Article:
Apolipoprotein E4 (APOE4) is expressed in many types of brain cells and is associated with age-dependent decline of learning and memory in humans. It is a major genetic risk factor for Alzheimer’s Disease. To determine whether the detrimental effects of APOE4 depend on its cellular sources, Knoferle and colleagues generated human APOE knock-in mouse models in which the human APOE gene is conditionally deleted in astrocytes, neurons, or GABAergic interneurons. Deletion of APOE4 in astrocytes did not protect aged mice from APOE4-induced GABAergic interneuron loss and learning and memory deficits. In contrast, deletion of APOE4 in neurons protected aged mice from both deficits. Furthermore, deletion of APOE4 in GABAergic interneurons was sufficient to gain similar protection. The authors concluded that endogenously produced APOE4 has a detrimental effect on GABAergic interneurons that leads to learning and memory deficits in mice. It may be a novel target for Alzheimer-related drug development.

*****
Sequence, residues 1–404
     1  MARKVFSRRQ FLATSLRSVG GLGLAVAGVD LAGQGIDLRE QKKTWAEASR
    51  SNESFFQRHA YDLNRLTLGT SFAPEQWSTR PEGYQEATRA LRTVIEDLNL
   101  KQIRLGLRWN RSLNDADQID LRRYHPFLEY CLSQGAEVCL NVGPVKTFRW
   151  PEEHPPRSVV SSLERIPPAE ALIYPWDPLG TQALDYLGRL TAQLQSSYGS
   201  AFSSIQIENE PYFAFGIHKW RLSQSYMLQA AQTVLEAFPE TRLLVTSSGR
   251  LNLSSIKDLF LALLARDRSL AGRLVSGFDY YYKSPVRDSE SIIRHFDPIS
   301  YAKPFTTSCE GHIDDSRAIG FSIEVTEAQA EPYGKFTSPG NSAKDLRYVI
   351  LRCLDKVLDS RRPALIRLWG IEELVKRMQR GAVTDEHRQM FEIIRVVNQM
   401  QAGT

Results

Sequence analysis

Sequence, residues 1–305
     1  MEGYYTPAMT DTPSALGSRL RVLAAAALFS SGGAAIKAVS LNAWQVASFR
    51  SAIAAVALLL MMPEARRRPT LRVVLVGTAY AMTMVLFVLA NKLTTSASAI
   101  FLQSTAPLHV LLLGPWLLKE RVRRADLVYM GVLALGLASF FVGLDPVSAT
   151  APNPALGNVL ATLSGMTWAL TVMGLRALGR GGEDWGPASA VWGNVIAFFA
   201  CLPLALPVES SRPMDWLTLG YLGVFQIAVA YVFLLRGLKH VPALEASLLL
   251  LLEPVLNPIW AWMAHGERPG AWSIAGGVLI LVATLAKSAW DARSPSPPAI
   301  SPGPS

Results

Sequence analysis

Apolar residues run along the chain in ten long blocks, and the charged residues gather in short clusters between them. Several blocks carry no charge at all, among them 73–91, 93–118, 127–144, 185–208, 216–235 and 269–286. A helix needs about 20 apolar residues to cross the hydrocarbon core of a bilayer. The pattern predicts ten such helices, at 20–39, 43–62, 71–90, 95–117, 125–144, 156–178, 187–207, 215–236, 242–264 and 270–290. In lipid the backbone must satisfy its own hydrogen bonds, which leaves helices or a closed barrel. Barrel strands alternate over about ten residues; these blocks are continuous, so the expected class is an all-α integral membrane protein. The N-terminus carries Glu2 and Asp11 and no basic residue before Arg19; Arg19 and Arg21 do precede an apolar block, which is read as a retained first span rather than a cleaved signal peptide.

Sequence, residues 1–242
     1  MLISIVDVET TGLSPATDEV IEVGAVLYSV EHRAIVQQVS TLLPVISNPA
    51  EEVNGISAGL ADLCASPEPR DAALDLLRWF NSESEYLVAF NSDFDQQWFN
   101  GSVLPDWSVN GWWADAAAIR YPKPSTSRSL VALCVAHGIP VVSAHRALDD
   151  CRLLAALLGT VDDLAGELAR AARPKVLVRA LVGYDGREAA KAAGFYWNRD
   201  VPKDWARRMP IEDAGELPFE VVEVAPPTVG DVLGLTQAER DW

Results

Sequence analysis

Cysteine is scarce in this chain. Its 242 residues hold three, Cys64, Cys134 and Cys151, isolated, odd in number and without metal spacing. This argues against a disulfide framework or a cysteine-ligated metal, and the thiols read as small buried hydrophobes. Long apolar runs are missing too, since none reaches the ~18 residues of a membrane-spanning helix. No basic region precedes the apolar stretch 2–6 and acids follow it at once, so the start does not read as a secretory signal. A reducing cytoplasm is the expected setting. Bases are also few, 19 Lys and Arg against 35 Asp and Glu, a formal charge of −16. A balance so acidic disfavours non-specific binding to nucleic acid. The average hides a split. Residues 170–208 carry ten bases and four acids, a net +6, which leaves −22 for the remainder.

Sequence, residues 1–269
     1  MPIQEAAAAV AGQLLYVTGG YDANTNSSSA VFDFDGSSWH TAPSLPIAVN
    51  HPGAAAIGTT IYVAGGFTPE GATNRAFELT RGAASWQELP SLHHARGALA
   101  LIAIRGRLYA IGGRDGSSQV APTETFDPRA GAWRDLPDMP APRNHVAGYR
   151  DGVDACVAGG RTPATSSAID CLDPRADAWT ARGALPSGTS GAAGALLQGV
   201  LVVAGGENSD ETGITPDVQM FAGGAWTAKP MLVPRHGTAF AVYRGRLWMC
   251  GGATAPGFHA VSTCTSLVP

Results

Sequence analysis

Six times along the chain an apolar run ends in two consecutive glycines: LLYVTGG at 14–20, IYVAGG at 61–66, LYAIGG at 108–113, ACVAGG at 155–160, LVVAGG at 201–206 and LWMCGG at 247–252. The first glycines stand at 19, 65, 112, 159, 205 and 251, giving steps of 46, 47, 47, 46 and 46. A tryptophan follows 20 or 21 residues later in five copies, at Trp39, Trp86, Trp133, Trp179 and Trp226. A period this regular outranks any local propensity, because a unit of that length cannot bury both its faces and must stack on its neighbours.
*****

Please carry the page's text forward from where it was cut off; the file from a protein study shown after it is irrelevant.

Knoferle J, Yoon SY, Walker D, Leung L, Gillespie AK, Tong LM, Bien-Ly N and Huang Y: Apolipoprotein E4 Produced in GABAergic Interneurons Causes Learning and Memory Deficits in Mice. J. Neuroscience 34(42): 14069-14078 (2014).

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